Since President Obama announced last year that he would be raising the threshold for overtime pay eligibility, the big question has been how high he would raise it. Now we have an answer, and it's a good one.
Currently, salaried workers making as little as $23,660 a year can be denied overtime no matter how much they work. Early in 2015, the rumor was that the Obama administration would raise the threshold to around $42,000, an amount that would have covered around 35 percent of salaried workers, or an additional 3.5 million. That's a big boost, but by contrast, in 1975, 65 percent of salaried workers were covered. Progressives hoped for better than $42,000 from this administration ... and will get it. The president writes:
This week, I'll head to Wisconsin to discuss my plan to extend overtime protections to nearly 5 million workers in 2016, covering all salaried workers making up to about $50,400 next year. That's good for workers who want fair pay, and it's good for business owners who are already paying their employees what they deserve -- since those who are doing right by their employees are undercut by competitors who aren't.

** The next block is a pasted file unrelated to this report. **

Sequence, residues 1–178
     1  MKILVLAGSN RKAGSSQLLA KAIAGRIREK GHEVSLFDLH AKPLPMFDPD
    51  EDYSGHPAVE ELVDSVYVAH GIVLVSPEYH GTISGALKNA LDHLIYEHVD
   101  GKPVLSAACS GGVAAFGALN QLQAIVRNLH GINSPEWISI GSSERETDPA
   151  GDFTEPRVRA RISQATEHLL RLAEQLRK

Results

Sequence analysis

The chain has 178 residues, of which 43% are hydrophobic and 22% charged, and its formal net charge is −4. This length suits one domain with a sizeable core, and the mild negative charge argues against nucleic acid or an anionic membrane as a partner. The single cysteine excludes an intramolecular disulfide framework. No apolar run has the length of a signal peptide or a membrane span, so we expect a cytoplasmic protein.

For millions of American workers, this is a huge step forward: either they'll get more pay, or they'll get the same pay plus more time away from work to live their lives. Lousy employers won't be able to hire someone at $24,000 a year, call them a manager, and make them work 60 hours a week, mostly at non-managerial work, without paying them any more.
And this is a reminder of the power of the presidency, even with a Republican Congress that refuses to do anything to help workers, ever.